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1 December 2012

Putting a Price on Christmas? A Kid’s Wish List Adds up to $272 on Average

Keywords: Christmas, advertising, games, kids, magazines, parents, Western Europe, preschoolers, purchase requests, wish lists,

It’s “the most wonderful time of the year” for companies marketing to kids for a reason. A study from the International Conference on Research in Advertising (ICORIA) looks at children’s Christmas wish lists and discovers that the average list is worth $272. Some wish lists reached as high as $3,000 or more.

Take aways

  • Children’s Christmas wish lists can cost up to hundreds of dollars.
  • Collages and simple lists of gifts have the most requests, brand names, and are the costliest.
  • The “Christmas spirit” is not necessarily good for sales. Although kids who are “in the spirit” ask for more presents, they also tend to be less expensive.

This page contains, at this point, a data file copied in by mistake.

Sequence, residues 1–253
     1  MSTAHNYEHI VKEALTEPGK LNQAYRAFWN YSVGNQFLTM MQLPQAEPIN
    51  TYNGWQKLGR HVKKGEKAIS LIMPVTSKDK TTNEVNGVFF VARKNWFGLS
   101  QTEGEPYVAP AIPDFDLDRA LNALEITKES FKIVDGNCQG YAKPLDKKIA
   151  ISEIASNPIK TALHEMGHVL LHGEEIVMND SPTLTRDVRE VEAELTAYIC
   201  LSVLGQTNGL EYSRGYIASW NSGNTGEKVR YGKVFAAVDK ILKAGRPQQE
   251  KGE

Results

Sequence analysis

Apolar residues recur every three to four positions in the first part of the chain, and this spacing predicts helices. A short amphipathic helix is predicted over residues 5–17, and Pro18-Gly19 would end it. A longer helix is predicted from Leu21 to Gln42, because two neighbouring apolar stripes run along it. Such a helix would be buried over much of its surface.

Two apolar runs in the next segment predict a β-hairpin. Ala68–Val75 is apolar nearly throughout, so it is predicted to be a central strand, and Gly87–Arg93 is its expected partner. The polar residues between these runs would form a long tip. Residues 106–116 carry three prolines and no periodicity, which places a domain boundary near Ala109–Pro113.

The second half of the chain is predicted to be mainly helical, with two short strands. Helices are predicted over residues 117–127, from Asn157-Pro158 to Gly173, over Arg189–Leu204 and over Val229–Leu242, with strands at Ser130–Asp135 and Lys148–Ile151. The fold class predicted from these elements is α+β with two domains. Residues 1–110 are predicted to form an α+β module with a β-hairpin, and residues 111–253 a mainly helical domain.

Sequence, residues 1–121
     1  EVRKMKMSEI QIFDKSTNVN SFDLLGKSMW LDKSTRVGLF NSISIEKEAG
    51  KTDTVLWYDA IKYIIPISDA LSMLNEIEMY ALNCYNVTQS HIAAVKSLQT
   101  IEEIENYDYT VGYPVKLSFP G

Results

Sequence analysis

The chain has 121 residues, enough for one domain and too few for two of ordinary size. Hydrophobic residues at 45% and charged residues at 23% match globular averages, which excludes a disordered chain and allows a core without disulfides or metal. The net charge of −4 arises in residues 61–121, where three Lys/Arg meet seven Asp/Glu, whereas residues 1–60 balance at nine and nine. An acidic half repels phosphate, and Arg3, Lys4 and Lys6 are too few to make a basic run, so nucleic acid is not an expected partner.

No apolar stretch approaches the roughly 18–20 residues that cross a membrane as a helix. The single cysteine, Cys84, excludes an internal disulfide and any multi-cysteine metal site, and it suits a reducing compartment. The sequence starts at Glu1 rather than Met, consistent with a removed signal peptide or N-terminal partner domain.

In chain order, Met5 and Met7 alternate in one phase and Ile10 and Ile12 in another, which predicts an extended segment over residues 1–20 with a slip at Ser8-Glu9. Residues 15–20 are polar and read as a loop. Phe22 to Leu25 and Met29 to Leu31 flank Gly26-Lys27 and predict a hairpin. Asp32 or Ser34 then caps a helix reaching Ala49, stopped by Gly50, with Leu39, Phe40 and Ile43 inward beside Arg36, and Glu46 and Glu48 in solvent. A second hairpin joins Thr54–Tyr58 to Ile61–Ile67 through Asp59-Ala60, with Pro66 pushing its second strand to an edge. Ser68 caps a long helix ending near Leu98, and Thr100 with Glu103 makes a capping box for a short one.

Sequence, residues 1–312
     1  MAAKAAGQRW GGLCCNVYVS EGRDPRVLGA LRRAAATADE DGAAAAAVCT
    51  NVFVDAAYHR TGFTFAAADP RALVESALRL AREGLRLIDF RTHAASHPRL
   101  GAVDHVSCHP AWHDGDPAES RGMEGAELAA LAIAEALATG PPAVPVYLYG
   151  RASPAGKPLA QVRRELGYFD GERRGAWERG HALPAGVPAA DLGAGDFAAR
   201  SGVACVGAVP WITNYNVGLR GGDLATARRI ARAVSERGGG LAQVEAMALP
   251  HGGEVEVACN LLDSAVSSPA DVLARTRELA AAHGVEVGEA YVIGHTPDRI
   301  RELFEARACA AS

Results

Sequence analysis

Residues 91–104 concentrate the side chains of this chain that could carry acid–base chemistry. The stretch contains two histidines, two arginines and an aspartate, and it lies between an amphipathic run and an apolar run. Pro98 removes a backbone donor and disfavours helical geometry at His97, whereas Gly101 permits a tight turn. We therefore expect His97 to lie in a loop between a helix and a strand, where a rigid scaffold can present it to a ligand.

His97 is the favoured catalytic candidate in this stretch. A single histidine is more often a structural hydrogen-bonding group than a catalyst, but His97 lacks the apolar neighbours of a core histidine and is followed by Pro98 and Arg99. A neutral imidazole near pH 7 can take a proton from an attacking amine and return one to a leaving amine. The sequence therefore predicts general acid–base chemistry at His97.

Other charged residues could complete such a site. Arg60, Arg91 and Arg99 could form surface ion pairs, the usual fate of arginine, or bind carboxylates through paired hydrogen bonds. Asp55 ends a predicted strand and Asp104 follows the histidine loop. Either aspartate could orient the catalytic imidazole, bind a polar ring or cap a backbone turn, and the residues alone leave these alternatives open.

Study information

  • The question?

    What is the value of children’s Christmas gift requests?

  • Who?

    241 letters to baby Jesus

  • Where?


  • How?

    The researchers designed a lottery, advertised in newspapers and schools, encouraging parents to send in their kids’ letters asking for Christmas gifts from the baby Jesus (in Austria this is similar to asking Santa Claus for presents). The researchers received 241 letters and looked at the types of the letters, as well as the number, brands, and total cost of gift requests.

Facts and findings

  • The kids asked for four Christmas presents on average. The letters ranged from 1 to 32 requests.
  • Single requests cost between $2.50 and $901.
  • Altogether the wish lists cost an average of $272. The costs varied from $5 to $3,657.
  • Almost half of the requests (48.7%) mentioned a particular brand name.
  • The researchers broke down the different letters into five types: (1) a traditional letter (2) a simple list (3) drawings of wishes (4) collages of brochure and magazine clippings and (5) mixed lists.
  • The collages and simple lists had the most requests, mentioned the most brand names, and had the highest overall cost.
  • Remarkable fact: The children who were more “in the Christmas spirit” asked for more presents—but they cost less.
  • Remarkable fact: Five percent of the requests were for non-materialistic things like snow on Christmas, a little sister or brother, or health for a friend or family member.